Even as the framework for a comprehensive nuclear deal with Iran finds its detractors in Israel, within the membership of United States Congress, and among Iranian hardliners, the principles of the agreement were being championed (albeit equivocally) in some surprising corners.
The kingdom was, after Israel, one of the most vehement opponents of Iran's nuclear program and frequently relayed concerns that a bad deal would destabilize the region. World leaders, including Saudi officials themselves, had previously suggested that such a deal would encourage the Gulf country to seek its own nuclear weapons and risk setting off a regional arms race.
But in the wake of Thursday's announcement, Saudi Arabia's King Salman has expressed "his hope that reaching a final binding deal would strengthen the stability and security of the region and the world,” according to state media. "It seems that Iran's dream to acquire nuclear weapons dissipated in the Swiss city of Lausanne yesterday," read a Saudi paper owned the ruling family.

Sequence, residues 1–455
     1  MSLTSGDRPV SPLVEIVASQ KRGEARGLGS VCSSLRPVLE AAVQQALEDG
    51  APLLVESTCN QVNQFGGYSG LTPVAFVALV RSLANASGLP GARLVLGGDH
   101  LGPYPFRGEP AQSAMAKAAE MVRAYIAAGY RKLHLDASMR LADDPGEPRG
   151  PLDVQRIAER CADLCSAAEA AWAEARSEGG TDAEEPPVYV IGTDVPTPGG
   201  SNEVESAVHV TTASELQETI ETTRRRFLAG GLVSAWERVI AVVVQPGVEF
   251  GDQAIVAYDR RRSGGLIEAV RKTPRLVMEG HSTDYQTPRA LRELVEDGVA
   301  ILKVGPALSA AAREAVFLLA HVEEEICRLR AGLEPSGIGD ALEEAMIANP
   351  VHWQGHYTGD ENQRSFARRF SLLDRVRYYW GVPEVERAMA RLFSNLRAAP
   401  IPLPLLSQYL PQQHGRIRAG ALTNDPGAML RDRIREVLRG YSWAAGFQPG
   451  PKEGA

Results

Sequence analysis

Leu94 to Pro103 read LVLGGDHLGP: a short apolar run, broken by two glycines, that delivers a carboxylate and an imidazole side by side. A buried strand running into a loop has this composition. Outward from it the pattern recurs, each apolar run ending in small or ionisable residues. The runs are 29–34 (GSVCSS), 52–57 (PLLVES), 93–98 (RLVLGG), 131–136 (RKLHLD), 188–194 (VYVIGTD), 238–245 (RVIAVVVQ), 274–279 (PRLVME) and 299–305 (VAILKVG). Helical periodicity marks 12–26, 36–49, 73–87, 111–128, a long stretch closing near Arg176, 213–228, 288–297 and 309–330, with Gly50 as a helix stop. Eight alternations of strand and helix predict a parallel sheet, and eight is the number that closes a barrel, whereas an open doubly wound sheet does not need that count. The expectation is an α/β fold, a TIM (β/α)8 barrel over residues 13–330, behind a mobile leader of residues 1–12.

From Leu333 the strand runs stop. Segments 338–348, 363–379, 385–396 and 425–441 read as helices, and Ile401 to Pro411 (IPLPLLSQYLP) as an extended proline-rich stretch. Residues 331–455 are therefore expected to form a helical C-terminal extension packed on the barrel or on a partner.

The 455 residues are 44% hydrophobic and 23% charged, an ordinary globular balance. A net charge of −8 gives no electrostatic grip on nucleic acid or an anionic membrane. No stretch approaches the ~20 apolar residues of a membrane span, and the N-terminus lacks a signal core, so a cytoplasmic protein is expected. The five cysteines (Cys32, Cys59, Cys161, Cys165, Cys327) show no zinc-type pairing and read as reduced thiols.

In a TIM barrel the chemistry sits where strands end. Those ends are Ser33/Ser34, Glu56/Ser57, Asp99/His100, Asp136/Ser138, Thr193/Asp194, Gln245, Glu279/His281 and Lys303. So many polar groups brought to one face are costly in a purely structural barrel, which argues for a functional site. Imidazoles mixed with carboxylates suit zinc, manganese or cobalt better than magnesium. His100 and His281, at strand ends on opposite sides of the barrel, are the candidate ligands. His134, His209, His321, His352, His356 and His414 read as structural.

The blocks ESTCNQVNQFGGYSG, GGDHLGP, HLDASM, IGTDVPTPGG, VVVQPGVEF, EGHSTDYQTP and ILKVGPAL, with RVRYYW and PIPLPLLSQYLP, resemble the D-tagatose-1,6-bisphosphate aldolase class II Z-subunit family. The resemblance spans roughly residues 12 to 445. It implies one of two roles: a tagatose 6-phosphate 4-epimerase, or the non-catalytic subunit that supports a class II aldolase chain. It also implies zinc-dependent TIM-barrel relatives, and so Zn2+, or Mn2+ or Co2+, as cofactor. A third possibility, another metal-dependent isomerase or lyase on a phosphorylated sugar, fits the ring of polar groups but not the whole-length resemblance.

Saudi warplanes meanwhile continue to strike Iran-backed Houthi rebels in Yemen.
'Hardliners' in Iran
At Friday prayers in Tehran, Ayatollah Mohammad Emami-Kashani, whom Reuters described as a "hardline cleric," offered his congratulations to the negotiators. Other Iranian conservatives have been vocal in their opposition to a potential deal throughout the negotiations, but Emami-Kashani called the negotiating team "firm, wise and calm" in a sermon at Tehran University. "The Supreme Leader supports these representatives."
Iranian Supreme Leader Ayatollah Ali Khamenei had publicly backed the nuclear talks prior to yesterday's announcement, all the while playing the role of potential spoiler. But as Trita Parsi wrote in The Atlantic recently, Khamenei had good reasons to support a deal. "For the first time since the Iranian Revolution," Parsi wrote, "Iran can strike a deal with the West that would sustain and even recognize its independence from Western demands." He added that this would be the first such positive outcome of negotiations between Iran and Western powers in two centuries, and could secure Khamenei's legacy.
In President Obama's speech from the White House Rose Garden on Thursday, he cited a religious decree Khamenei had delivered against the development of nuclear weapons as showing that the framework reached yesterday should receive the supreme leader's backing. "[T]his framework gives Iran the opportunity to verify that its program is, in fact, peaceful," he said.
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